Calcification and Salinisation
Unlike eluviation, podzolisation and leaching processes, which involve the net down profile movement of soil components, calcification and salinization involve the upwards movement of soluble salts in the soil water.
Calcification tends to occur in semi-arid and arid area, where evapotranspiration exceeds rainfall. Seasonal percolation of water down through the profile takes soluble salts down to the lower horizons, but isn’t sufficient to totally leach them out of the profile. This is augmented by some upward capillary movement of groundwater bringing with it more salts. This leads to the deposition of calcium carbonate (or in some cases gypsum) in the lower soil horizons. The calcium carbonate may precipitate throughout the soil as fine powdery crystals, or it may form discrete concretions and nodules.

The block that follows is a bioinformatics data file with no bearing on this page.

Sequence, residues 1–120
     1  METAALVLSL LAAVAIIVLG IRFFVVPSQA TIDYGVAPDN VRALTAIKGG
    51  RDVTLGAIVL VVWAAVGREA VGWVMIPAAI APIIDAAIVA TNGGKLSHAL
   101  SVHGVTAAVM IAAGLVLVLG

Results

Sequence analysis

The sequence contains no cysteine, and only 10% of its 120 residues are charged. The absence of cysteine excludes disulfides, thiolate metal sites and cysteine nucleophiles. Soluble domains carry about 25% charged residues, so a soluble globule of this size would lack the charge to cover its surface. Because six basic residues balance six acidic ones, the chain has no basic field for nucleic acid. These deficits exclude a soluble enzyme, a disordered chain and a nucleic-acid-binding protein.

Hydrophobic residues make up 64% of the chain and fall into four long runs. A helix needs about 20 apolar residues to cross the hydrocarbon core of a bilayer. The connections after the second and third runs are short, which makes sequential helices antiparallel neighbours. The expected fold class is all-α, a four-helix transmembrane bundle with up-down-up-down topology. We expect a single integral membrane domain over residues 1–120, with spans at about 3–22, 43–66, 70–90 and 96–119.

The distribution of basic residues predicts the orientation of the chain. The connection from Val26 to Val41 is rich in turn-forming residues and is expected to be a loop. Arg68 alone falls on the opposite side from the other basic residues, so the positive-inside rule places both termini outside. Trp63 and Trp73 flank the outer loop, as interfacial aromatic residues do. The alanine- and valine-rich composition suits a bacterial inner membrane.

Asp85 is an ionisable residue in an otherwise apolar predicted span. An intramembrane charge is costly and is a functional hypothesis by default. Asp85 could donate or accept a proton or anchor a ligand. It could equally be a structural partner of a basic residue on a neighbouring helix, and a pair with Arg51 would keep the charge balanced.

Salinization occurs in arid areas where rainfall is insufficient to leach soluble salts from the soil, whilst evapotranspiration causes the capillary movement of ground waters containing soluble salts, up though the profile. This leads to increased salinity in the upper soil horizons and can lead to the formation of a salt crust.
Saline soils are toxic to many plants, hence salinization has implications for agricultural sustainability. Increasing soil salinity, for example, is thought to have been an increasing problem in Mesopotamian agriculture (ref.).
These alkaline deposits help preserve calcareous materials such as shell and bone, but are not good for the preservation of ecofacts such as pollen. Pottery and other ecofacts may be affected by the formation of salt and calcareous compounds on their surface.